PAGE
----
Carbon-intensive energy, such as coal, is required to meet nighttime demand for electricity in winter, while cleaner energy, such as solar, is more common during the day and in the summer months. Therefore, watching television on a cold winter night is worse for the environment than doing so on a sunny afternoon. On a technical level, installing LED lighting can in fact be more effective in reducing carbon emissions than installing solar power, depending on the timing of one’s consumption.
A report published by sustainability consultants at WSP focuses on the variability of carbon emissions, warning that substantial inaccuracies in current measurements may lead to poor decision making for new developments and investments. The report, titled An investigation into the use of temporal factors for CO2 emissions accounting in buildings, stresses that inaccurate results produced by the current system for measuring carbon emissions from buildings and businesses can have a significant impact on both the environment and corporate balance sheets.
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The report looks at the energy demands of three different types of buildings (retail, office, home), examining how CO2 emissions calculations differ between the single standard emissions factor method and an hourly emissions factor based on real electrical grid generation over a year. The research concludes that, with current calculations being based on how much energy is used, and not when it is used, the financial implications of inaccurate measurements can significantly alter the climate change levy paid by companies as a non-variable flat rate. In the UK, the current climate change levy is charged per kWh amount of electricity or gas consumed. However, two businesses consuming the same amount of energy could unknowingly produce very different levels of carbon emissions, while being charged the same amount through the climate change levy.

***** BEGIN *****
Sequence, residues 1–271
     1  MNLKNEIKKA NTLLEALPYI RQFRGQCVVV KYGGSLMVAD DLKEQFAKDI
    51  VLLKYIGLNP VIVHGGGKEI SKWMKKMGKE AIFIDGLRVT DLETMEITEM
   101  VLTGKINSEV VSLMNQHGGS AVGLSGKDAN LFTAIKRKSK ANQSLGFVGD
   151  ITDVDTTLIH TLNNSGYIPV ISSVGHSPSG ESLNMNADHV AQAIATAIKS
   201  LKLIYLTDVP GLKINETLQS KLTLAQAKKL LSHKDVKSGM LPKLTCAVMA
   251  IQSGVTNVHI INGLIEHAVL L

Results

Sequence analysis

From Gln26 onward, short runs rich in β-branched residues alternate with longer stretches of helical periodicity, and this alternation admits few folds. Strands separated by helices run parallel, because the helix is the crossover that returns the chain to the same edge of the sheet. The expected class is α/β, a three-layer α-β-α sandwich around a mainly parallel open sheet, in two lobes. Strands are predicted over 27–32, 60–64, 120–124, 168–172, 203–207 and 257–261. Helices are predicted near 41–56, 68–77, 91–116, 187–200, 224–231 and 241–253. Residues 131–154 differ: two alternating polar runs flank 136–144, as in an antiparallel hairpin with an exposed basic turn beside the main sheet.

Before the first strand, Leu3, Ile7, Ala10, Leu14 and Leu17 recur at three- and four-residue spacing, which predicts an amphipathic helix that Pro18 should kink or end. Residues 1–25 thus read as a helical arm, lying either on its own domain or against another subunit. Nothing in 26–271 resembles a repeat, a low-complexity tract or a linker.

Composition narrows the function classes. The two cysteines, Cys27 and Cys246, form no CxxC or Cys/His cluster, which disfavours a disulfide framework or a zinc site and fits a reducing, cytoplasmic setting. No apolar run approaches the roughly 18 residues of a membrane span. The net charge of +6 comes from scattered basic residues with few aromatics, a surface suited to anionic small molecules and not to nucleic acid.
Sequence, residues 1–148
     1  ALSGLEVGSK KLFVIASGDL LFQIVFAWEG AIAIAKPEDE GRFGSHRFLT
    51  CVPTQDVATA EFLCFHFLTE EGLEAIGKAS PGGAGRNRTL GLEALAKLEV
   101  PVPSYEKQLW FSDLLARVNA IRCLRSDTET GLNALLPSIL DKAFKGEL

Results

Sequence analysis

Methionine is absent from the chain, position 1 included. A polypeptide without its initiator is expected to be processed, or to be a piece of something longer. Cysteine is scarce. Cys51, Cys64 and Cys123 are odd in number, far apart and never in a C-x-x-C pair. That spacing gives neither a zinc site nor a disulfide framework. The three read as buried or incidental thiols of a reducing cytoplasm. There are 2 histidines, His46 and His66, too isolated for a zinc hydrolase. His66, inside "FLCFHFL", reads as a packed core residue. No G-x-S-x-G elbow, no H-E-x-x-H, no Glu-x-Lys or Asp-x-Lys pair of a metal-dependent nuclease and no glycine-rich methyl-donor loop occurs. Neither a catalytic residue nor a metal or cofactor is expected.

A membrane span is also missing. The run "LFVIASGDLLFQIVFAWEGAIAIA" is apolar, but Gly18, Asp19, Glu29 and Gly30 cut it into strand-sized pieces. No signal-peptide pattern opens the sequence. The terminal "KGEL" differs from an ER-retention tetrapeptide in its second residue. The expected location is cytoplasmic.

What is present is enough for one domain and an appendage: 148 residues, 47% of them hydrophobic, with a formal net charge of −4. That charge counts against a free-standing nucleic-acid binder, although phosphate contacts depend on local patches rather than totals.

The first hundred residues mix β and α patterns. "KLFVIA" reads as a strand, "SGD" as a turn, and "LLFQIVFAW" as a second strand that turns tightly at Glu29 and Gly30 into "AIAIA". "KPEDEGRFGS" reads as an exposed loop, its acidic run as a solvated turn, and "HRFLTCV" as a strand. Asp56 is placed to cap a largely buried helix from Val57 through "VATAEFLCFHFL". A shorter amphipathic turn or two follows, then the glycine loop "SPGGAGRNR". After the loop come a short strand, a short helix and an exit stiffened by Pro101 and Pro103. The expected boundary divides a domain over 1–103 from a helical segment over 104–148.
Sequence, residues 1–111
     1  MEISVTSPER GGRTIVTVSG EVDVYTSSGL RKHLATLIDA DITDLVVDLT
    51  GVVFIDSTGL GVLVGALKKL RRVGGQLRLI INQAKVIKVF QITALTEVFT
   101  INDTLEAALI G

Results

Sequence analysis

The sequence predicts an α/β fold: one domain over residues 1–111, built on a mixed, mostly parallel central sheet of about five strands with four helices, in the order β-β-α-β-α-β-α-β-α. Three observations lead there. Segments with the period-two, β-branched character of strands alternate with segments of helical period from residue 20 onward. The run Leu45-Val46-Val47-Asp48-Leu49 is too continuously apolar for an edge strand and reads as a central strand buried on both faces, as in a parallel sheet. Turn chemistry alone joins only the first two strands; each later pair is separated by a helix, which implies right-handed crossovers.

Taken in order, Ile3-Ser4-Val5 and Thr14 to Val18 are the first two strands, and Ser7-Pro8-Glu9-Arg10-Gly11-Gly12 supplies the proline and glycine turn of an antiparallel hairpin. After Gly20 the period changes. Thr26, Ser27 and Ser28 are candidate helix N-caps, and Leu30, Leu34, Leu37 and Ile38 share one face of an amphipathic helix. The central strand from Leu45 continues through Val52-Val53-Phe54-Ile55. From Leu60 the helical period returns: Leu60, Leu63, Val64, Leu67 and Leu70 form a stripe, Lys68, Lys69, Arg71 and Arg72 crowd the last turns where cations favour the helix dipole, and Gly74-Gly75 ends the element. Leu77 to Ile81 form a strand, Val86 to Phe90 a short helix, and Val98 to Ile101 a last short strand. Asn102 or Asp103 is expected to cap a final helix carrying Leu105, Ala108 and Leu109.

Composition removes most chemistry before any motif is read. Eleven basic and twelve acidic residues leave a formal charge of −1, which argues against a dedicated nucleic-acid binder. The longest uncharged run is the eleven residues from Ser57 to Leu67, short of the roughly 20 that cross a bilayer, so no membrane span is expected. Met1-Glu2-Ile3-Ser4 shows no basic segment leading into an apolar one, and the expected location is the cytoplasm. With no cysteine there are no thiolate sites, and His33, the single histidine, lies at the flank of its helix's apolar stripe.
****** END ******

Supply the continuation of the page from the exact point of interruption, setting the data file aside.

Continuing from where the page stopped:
“Buildings and businesses are under increasing pressure to meet the legal requirements of reducing emissions, but it’s not as simple as counting a single number,” notes Barny Evans, a sustainability and energy expert at WSP. “Organizations with specific goals, such as carbon neutrality, may find that their current accounting is unknowingly leading them to implement policies and to take actions that result in higher or lower carbon emissions than they realize.”
In summary, the WSP report suggests that, as technology advances and the grid decarbonizes, a better system for measuring carbon emissions accurately will not only help reduce those emissions, but will also help to improve bottom lines.